Peter Block:

That's a huge innovation, to say the neighbors can ask neighbors and collect the data, you don't need a third party independent professional. But the coaches give them the methodology, that's terrific.

 

Deborah Puntenney:

I want to say one more thing. I’d like to tell you the final category. The last area that we flow into once you've gone through those first three, we call it change in the medical conditions that precede disease. So if people's behavior changes and if all these other things have changed, we hope to see reduced blood pressure, reduced cholesterol, all of these pre-conditions. So eventually we hope we will be measuring those. So with that I will stop.

 

Peter Block:

So there are four categories. Environment, social, physical, economic.  John, do you want to ask anything before we open it up for questions?

 

John McKnight:

I wanted to ask one thing about local perceptions. I remember years ago when I was in a neighborhood, gathering a group of people and asking them what were the things that they thought made people in the neighborhood healthy. I remember at the end of the evening, there was quite a discussion, but nobody ever mentioned access to doctors or hospitals. And so it made me realize that there is sort of a local perception of health that often reaches beyond the medical definition. And I'm wondering, as you began or as you continue, when you talk with people about health, what kinds of determinants or factors do you hear them most often raising as critical to health?

 

Deborah Puntenney:

Generally… one of the examples I gave was the inner city community who uniformly mentioned getting rid of an open air drug market as the primary determinant of whether they were going to be healthy or not. So that one was very specific and unique. But they do mention things like, Peter was talking about trust, and the ability to know their neighbors. They mentioned cleanliness of the streets, whether the trash got picked up, whether their house is falling down, whether they've got a leak in their roof. Though they don't typically use the language of social determinants of health, when they talk about it they're absolutely mentioning things that fall into that.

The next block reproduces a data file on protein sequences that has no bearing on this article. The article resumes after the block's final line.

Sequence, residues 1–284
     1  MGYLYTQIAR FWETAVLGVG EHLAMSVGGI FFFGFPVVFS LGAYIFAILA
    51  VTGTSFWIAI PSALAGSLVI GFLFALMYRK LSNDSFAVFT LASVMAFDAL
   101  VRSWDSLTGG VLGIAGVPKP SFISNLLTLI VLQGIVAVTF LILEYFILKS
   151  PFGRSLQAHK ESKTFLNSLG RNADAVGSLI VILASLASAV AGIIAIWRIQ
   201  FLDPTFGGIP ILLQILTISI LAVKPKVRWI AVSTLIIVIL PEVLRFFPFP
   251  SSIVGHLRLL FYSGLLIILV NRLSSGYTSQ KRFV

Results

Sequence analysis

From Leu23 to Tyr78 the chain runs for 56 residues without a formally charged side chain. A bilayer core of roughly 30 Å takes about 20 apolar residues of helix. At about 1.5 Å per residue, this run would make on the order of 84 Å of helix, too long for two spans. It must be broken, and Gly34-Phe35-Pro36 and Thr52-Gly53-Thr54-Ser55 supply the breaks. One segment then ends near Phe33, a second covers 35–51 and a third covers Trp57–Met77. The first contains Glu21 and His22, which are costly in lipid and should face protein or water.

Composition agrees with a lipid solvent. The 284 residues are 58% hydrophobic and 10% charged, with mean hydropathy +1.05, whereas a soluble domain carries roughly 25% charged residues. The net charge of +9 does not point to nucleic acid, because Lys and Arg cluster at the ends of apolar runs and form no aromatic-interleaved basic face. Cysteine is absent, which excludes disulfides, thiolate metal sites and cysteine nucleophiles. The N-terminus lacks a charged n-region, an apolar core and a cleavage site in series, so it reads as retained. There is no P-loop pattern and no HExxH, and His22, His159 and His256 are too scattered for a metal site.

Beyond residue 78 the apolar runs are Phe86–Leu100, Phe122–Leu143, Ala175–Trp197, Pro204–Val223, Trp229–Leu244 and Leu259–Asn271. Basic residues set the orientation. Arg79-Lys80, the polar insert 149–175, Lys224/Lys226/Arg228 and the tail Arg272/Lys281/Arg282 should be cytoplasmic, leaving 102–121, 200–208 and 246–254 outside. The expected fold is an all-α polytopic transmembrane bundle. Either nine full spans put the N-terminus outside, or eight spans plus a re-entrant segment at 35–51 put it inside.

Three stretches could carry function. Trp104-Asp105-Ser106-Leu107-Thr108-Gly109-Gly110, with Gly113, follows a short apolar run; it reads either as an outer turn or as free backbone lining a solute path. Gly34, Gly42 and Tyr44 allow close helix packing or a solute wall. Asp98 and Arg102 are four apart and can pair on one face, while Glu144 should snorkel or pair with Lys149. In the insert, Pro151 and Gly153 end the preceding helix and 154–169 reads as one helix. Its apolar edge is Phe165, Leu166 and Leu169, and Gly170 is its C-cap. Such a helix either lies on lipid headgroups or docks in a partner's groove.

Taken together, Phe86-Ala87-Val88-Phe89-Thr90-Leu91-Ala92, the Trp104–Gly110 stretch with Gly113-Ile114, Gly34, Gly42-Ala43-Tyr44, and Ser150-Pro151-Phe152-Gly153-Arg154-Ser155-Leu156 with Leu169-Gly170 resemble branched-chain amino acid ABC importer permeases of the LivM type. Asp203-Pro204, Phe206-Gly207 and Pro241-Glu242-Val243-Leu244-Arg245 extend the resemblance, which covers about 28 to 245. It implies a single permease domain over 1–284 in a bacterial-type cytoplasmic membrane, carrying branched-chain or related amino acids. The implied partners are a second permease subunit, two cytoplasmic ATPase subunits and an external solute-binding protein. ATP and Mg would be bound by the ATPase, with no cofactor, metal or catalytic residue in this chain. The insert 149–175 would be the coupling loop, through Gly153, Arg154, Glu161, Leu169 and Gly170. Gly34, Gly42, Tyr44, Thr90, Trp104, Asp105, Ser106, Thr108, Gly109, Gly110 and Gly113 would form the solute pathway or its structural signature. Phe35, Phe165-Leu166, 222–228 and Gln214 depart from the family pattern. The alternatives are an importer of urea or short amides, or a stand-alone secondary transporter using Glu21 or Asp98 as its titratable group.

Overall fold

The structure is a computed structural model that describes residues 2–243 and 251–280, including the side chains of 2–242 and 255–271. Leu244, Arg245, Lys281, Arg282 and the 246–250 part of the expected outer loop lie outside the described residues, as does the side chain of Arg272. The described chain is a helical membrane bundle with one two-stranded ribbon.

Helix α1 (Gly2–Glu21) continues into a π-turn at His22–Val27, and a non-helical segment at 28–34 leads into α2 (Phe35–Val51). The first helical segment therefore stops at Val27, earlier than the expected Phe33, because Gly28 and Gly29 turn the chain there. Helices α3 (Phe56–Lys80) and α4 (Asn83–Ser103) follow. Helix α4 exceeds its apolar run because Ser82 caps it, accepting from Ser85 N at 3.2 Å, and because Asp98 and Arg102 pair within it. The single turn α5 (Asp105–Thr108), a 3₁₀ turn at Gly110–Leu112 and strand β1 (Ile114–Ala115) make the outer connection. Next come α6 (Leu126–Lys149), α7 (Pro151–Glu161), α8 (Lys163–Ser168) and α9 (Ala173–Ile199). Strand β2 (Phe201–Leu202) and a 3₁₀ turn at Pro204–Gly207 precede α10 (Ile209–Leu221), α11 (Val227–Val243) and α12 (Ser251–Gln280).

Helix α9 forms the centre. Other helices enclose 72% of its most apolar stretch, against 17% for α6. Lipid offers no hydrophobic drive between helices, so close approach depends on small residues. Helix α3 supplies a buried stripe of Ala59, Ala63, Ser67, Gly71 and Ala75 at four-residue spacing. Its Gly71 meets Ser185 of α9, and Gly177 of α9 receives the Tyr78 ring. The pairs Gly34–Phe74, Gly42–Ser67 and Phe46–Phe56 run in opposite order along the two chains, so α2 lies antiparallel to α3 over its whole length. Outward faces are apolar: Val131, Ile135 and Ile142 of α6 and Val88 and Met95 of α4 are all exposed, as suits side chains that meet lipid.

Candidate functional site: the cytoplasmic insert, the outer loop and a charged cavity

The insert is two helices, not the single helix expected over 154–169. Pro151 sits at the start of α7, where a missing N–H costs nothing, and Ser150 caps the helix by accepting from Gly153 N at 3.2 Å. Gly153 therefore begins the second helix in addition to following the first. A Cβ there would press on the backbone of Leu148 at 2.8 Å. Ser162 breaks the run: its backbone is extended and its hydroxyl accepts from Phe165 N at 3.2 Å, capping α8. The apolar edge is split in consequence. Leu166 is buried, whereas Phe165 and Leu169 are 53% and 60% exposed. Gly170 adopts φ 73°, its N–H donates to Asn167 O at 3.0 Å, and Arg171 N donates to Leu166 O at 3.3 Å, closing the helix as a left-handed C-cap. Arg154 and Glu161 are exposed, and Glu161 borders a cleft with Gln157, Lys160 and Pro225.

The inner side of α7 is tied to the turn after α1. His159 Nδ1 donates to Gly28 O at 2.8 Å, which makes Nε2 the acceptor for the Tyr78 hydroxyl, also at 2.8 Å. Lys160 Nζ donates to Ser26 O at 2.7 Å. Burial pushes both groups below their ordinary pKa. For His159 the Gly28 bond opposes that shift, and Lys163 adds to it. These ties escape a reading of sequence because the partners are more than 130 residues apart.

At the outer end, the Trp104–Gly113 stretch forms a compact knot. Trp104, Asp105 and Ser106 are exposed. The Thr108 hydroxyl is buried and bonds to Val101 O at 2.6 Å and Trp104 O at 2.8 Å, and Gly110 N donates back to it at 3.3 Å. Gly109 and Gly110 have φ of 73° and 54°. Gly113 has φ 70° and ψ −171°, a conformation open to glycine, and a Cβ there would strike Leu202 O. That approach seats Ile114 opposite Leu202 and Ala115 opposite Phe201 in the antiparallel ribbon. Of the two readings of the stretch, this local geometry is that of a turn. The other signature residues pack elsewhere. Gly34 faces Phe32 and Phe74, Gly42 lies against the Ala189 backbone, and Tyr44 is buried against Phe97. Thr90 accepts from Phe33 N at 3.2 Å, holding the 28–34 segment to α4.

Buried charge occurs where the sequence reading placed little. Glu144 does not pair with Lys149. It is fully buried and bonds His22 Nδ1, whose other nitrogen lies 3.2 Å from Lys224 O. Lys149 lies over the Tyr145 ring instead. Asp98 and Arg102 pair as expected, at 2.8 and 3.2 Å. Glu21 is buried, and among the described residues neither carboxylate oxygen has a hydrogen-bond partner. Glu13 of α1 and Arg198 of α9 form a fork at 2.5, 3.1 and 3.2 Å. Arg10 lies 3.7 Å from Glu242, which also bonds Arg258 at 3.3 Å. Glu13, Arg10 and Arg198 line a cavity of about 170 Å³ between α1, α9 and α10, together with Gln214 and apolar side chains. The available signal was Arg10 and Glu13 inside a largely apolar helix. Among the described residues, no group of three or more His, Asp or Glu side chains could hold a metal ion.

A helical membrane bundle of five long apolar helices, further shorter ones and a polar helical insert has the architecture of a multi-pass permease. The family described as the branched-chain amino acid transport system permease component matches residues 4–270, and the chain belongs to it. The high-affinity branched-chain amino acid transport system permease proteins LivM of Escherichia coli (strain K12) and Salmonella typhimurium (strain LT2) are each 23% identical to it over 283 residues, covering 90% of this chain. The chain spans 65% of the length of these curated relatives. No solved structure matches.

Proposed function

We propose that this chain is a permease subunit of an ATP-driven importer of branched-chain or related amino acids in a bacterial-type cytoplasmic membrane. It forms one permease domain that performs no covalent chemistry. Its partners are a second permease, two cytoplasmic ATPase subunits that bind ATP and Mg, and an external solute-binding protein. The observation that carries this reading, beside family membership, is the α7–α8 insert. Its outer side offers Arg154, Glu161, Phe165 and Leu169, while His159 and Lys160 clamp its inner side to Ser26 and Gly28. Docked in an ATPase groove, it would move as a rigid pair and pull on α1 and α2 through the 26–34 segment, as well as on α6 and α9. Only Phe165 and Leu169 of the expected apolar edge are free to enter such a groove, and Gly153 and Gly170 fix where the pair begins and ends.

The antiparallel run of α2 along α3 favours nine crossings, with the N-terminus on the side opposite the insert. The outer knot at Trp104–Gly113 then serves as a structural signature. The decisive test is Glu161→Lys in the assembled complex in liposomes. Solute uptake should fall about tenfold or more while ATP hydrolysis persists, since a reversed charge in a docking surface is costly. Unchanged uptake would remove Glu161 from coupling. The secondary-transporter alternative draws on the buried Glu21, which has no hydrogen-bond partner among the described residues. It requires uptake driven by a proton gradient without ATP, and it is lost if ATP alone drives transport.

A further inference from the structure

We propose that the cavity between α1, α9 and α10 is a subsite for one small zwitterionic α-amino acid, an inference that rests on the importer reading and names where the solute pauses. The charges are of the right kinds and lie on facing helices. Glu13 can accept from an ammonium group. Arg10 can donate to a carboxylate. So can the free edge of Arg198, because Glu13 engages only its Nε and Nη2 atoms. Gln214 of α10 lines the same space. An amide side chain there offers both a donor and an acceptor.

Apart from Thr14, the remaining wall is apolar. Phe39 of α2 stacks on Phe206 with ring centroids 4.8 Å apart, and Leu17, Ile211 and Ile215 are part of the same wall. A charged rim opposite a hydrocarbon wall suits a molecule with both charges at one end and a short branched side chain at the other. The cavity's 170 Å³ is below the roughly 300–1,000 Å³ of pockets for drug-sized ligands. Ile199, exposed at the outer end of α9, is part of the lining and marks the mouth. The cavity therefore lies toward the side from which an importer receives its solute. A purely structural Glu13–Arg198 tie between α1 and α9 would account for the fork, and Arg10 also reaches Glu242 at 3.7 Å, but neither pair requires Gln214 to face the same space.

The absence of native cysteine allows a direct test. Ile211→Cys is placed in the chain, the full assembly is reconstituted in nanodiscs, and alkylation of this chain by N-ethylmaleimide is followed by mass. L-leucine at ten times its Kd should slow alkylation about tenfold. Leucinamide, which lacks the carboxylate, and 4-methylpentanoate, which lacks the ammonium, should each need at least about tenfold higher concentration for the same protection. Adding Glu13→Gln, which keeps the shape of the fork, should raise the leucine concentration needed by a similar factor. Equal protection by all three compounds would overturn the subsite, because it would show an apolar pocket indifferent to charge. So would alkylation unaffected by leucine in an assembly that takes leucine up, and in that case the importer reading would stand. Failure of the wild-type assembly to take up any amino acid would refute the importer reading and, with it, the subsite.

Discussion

John McKnight:

Good, good. All right Peter, go ahead.

 

Peter Block:

So why don't we stop for a second, and Maggie why don't you invite questions on the chat or people to call in, okay?

 

Maggie Rogers:

Sure. If you've dialed in, you can press star 8 on your telephone and you'll be in a queue to join the conversation and I'll see that. Also there are some questions in the chat.

 

Peter Block:

I've been working on those. The questions about measurement, evaluation. One question was IRB certification, which is kind of technical. But I assume your coaches know all about that. And so they go through that process. And maybe you could explain what that is, if you know what it is.

 

Deborah Puntenney:

Yes. The IRB is the internal review board, and in my world it is associated with universities, and anybody doing research at a university has to either go through an internal review in terms of having their research methodologies reviewed and approved, or actually get an exemption, which generally means that you're not doing anything that could potentially violate anybody's rights. And that's putting it very, very simply.

 

 

Our evaluators were absolutely aware of that and though I was funded through Northwestern University, they were looking at their local university to assist them in considering that, and did what was necessary.

 

Peter Block:

That's great. And it's really a way of making sure that the research is done ethically and respectfully and doesn't exploit anybody. So that's great. So are there other things about this? You started by saying they have a 10 year perspective, and then you went to 15 and 20.

 

Deborah Puntenney: